Mother said,

“Straight ahead,”

Not to delay or be misled. . . .

Mother said,

“Come what may,

Follow the path

And never stray.”

As I’ve often said, there’s a line in Sondheim to cover every situation in life. Following the path seemed like a very good idea indeed when I set out into the woods high up Hollyburn Mountain.

Like Little Red Riding Hood, who sings the lines above in Stephen Sondheim’s “Into the Woods,” I was protected by a hood, the one on the all-but-impermeable gray wool coat I brought to Vancouver.  Unlike Danielle Ferland in the original Broadway production, or probably any actress since, I was wearing snowshoes. 

The occasion was a gathering for newcomers to the University of British Columbia organized by Work-Life and Relocation Services, the people who found my wonderful apartment here andshepherded me through the work visa process. When I stopped by the office to say hello and thank-you, Debbie McLoughlin said, “You’ll have to come to our get-together,” and then added, as an afterthought, “Maybe we’ll go snowshoeing.”

I thought she was joking. But in Canada, snowshoeing is considered a normal thing to do.

Late Friday afternoon, five of us piled into Debbie’s car for the trip to Cypress Mountain on Hollyburn, one of the North Shore mountains I can see across Burrard Inlet from my neighborhood, Kitsilano, or the UBC campus. Cypress was the official freestyle ski and snowboarding venue for the 2010 Winter Olympics and is now a popular recreation area just 45 minutes from downtown. When we left, the weather was, as usual, gray and rainy, but about halfway up someone remarked, “The cars coming down have snow on them.” There was more and more as we climbed, and when we parked, big, round flakes were coming down, and piling up on my coat.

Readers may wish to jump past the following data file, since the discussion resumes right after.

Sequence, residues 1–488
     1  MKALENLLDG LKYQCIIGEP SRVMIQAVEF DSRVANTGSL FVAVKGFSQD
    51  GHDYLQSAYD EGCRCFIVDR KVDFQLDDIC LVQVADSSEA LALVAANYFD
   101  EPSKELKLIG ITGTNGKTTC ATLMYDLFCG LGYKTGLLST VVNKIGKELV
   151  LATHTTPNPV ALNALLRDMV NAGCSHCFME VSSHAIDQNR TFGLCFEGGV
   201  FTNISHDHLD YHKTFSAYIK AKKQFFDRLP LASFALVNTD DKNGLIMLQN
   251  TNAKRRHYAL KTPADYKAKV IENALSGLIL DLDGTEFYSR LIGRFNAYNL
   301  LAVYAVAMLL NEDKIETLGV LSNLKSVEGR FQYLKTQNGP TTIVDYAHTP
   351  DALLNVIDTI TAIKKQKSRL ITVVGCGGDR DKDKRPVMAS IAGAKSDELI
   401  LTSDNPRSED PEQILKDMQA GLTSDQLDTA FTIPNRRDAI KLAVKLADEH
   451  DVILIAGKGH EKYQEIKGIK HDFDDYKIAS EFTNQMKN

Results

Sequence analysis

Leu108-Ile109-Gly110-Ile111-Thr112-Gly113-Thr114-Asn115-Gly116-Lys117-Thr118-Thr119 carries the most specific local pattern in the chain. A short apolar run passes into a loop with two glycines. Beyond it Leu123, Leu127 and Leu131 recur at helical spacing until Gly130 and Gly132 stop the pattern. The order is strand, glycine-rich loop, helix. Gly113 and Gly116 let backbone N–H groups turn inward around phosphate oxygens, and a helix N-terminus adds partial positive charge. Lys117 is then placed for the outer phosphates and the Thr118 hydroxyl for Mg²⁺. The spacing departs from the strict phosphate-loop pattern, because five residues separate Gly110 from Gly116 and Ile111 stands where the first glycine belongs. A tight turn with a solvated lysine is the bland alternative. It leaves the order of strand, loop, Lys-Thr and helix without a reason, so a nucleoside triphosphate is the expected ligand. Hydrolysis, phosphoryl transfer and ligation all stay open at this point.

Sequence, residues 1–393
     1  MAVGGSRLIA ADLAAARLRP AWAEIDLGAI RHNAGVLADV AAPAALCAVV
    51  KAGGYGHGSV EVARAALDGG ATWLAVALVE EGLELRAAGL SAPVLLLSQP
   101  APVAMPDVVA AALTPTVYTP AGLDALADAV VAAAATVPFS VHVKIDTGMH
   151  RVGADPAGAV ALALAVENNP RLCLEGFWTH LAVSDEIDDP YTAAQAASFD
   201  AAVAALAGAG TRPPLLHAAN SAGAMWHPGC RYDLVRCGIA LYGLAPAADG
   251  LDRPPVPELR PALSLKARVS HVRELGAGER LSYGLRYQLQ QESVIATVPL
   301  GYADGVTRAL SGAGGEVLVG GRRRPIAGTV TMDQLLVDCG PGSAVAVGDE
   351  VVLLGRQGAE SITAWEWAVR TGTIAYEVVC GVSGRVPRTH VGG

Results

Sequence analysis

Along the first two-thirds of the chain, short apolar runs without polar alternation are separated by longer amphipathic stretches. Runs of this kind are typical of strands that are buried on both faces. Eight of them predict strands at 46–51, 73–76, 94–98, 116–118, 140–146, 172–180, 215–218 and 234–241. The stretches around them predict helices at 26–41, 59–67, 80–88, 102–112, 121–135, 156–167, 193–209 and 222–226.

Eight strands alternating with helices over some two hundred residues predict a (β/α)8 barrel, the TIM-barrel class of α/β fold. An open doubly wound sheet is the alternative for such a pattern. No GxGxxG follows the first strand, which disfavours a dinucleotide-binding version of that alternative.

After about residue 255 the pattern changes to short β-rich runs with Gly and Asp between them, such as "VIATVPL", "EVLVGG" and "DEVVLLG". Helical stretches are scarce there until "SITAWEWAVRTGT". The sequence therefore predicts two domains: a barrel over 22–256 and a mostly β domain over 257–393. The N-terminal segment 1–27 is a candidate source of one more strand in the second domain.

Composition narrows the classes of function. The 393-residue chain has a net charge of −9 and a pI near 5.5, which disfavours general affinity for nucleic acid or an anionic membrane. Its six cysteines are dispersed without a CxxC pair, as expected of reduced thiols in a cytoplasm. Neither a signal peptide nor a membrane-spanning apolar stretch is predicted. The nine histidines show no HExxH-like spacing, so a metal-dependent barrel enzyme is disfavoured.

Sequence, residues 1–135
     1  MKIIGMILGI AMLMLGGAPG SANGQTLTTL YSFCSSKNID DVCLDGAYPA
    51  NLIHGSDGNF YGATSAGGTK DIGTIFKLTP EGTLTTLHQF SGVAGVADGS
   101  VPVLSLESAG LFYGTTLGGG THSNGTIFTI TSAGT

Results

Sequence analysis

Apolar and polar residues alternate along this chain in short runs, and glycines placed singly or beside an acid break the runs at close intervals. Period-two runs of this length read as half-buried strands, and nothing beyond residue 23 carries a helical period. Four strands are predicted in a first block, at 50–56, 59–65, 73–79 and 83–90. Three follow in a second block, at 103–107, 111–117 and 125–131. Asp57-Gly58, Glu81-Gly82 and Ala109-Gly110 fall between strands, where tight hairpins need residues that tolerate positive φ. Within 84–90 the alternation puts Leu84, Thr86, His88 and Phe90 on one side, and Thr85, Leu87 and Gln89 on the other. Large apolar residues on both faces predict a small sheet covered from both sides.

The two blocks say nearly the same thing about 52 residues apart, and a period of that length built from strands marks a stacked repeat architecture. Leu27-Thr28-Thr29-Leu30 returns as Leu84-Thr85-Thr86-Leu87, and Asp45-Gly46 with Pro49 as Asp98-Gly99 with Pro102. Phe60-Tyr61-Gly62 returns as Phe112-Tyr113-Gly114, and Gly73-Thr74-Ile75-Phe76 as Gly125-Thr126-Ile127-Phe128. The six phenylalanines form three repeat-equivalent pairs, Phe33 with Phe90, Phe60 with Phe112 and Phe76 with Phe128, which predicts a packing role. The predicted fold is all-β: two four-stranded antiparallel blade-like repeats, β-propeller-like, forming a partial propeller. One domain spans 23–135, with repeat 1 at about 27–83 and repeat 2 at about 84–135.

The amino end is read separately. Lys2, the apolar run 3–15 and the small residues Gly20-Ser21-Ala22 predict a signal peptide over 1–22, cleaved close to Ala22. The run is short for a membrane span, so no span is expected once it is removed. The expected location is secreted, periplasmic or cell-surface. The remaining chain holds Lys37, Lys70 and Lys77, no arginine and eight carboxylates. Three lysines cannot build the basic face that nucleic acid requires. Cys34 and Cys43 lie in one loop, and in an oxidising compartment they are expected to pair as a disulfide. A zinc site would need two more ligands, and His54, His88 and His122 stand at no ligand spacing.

I was absurdly underdressed. The coat was fine, and the wool hat I keep rolled up in one pocket – also gray, with the logo of New York’s No. 1 subway line on the forehead – came in handy. (Here it is called a toque, pronounced tooke.) But underneath, having dressed for city temperatures in the upper 40s, I was wearing just my UBC sweatshirt over an L.L. Bean cotton turtleneck, and alpaca leggings over tights – not nearly enough layers, and none of them waterproof.  Most absurd of all were my boots, purple leather ones I bought in Mallorca, completely without tread. The polar-fleece socks, also purple, that I wore on the plane out here had mysteriously gone missing, so that was another layering opportunity lost. The Canadians in our party of 30 were properly dressed in parkas and waterproof pants and such, but I was limited to what I had packed back in New York. Who knew about snowshoeing?

The old-fashioned kind.

With assistance, I put on my shoes. A disappointment: snowshoes are now metal-and-plastic constructions, not the old-fashioned tennis rackets we outlanders expect (some of which decorate the walls of the rental office). On the other hand, they have the advantage of metal teeth that dig into the snow, a great advantage on an incline, or if balance and physical coordination are not your greatest strengths. They are not mine.

“If you can walk, you can snowshoe,” our guide, Rose,  explained in a five-minute introduction to the sport. I had attached myself to Rose’s group after she noticed my apparent nervousness. “Do you have any health problems you’re concerned about?” she asked. Oh, you mean like the herniated disc and two pinched nerves in my back? “I’ll get you some poles,” she said.

The poles were exactly what I needed. As it turns out, walking on snowshoes is not quite like walking. Snowshoes are several inches wider than your feet, and it’s necessary to remember that to avoid stepping on your own and pitching over. They’re also longer than regular shoes – like short, fat skis — which means you have to be careful not to step on the shoes of the person in front, with similar results.  It’s tricky, if not impossible, to back up, since your heels are loose and the backs flap downward. Walking forward in small circles to turn around takes some practice.